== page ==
So in my opinion the 'feelings' of surviving family members are not as important as the wishes of the original owner. If the desire is to be respectful, be respectful of the original owners wishes.
Don
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United Kingdom
4963 Posts
Posted 09/25/2016   11:14 am  Show Profile Bookmark this reply Add GeoffHa to your friends list  Get a Link to this Reply
Reminds me of my Mum, in her old age, deciding to destroy the letters she'd received from my Dad during the war. I said that I'd rather like to see his descriptions of his time in the US and Canada, where RAF training took place. I didn't.
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Valued Member
Canada
12 Posts
Posted 10/11/2016   12:56 am  Show Profile Bookmark this reply Add starlight to your friends list  Get a Link to this Reply
I recognized a cover (no contents)sent from Vietnam from an older military acquaintance, while looking through covers on a dealer's table. It was strange to see a name of someone whom I actually new still living sent almost 50 years ago. I purchased it, and offered to give it to him the next time I saw him. Although he thought it was interesting, he absolutely didn't want it as it was sent to his ex-wife, and he was still trying to expunge all memory of her......he really made me laugh.
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Valued Member
Ukraine
14 Posts
Posted 10/13/2016   03:09 am  Show Profile Bookmark this reply Add Mestear to your friends list  Get a Link to this Reply
To be honest, I was thinking about such possibility, because there is one interesting piece in my collection that really bothers me. Some kind of old USSR postcard from year 1954. But unfortunately I know only one thing, the name of person, to whom this letter was adressed and the writer. And there is no full name.
But you know, this postcard is true treasure for me, it holds so much in those words that has been writen on it.

I will try to translate:

(And by this mail, Uncle Oleg (Olezhik) I congratulate you with that award you received, and I'm sending you this beautiful animal. Have you met this kind of animal (Lynx) in the summer forest? Probably, he is a scout just like you, the only difference is that he is a predator, and you are guardian.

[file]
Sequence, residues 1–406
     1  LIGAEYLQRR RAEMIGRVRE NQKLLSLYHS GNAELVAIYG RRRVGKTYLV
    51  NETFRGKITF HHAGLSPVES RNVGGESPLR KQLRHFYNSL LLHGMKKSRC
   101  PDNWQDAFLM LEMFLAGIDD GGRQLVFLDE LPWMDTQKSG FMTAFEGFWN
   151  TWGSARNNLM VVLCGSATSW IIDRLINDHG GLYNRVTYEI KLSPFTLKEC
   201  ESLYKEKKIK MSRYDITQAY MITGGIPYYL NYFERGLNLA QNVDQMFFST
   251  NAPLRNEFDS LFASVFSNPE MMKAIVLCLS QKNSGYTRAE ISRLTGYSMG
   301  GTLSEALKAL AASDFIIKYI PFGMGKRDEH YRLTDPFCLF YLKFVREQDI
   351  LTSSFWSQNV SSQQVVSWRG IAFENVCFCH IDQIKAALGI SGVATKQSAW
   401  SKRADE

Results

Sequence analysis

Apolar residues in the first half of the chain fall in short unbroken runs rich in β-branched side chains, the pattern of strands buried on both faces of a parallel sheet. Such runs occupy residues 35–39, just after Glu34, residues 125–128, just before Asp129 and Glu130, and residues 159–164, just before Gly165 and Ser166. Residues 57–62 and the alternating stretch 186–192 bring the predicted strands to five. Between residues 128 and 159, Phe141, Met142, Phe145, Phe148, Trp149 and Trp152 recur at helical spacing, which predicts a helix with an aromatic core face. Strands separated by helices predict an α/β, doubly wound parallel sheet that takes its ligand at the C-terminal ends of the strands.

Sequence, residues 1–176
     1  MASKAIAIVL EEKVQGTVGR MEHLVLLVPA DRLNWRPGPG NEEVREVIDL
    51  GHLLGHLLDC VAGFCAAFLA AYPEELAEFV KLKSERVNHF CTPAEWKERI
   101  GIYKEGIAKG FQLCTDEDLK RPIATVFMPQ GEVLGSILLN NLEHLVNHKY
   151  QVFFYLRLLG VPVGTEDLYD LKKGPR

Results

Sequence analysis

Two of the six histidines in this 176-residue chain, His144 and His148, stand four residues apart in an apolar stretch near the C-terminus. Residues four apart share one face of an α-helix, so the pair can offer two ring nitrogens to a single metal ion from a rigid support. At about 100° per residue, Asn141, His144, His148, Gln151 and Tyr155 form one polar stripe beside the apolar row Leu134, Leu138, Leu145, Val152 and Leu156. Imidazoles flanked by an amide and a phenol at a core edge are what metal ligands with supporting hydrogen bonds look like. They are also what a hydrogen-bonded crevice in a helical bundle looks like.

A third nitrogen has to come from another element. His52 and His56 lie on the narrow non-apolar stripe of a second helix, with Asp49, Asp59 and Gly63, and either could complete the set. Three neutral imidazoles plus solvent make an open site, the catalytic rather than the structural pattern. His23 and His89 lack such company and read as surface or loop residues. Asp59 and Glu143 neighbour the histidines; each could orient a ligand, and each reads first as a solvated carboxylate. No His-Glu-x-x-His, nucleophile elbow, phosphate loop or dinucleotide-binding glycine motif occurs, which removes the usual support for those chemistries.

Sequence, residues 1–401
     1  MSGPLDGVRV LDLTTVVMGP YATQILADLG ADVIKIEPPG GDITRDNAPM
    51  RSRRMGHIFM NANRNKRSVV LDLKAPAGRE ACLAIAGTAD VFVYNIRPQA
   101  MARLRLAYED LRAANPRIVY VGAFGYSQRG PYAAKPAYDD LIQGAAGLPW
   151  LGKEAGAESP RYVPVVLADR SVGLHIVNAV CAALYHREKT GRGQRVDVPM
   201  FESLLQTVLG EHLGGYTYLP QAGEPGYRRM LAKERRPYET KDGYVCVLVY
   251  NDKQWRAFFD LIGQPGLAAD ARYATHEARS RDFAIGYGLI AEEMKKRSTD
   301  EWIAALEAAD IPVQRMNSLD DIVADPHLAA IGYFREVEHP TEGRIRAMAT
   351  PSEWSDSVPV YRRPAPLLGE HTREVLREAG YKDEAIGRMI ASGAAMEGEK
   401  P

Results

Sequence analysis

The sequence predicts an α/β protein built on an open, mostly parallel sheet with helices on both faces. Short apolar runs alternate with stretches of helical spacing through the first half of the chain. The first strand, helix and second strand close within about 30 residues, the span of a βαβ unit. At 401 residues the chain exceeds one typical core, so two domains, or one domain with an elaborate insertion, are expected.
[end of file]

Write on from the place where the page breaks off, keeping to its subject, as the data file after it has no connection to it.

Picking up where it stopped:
I really like those pictures that you send me. But Granny (or that "baba" could mean father? Which is more likely, because of the next sentence, but by itself it makes no sense) doesn't know the tale about "Steady Eagle" (That is, how he called him).
I will certainly learn to skate.

Big kiss.
Vova.)


So the question is, what kind of tale they were talking about? "Steady eagle"? I have no idea.
And the other question is, how are they, Vova and Oleg? I hope everything was great in their lives. I Really do.



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Pillar Of The Community
Canada
650 Posts
Posted 02/20/2019   4:24 pm  Show Profile Bookmark this reply Add canadianphilatelist to your friends list  Get a Link to this Reply
You might be interested in this story https://www.bbc.com/news/world-us-canada-47299554 It's a letter from World War 1 trying to be repatriated to the family or might be placed in a museum.
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Edited by canadianphilatelist - 02/20/2019 4:24 pm
Pillar Of The Community
United States
4773 Posts
Posted 02/20/2019   5:32 pm  Show Profile Bookmark this reply Add floortrader to your friends list  Get a Link to this Reply
I have on a few occasions mailed old letters and envelopes to the Historical Society of the mailing town or to the receiving town . Usually I will call first and if there is a interest I forward the letter. These are 150 years or older, mostly stampless letters and have received a thank you note or a mention in their newsletters even had a article written by a society member who continued the story beyond what I found on the internet .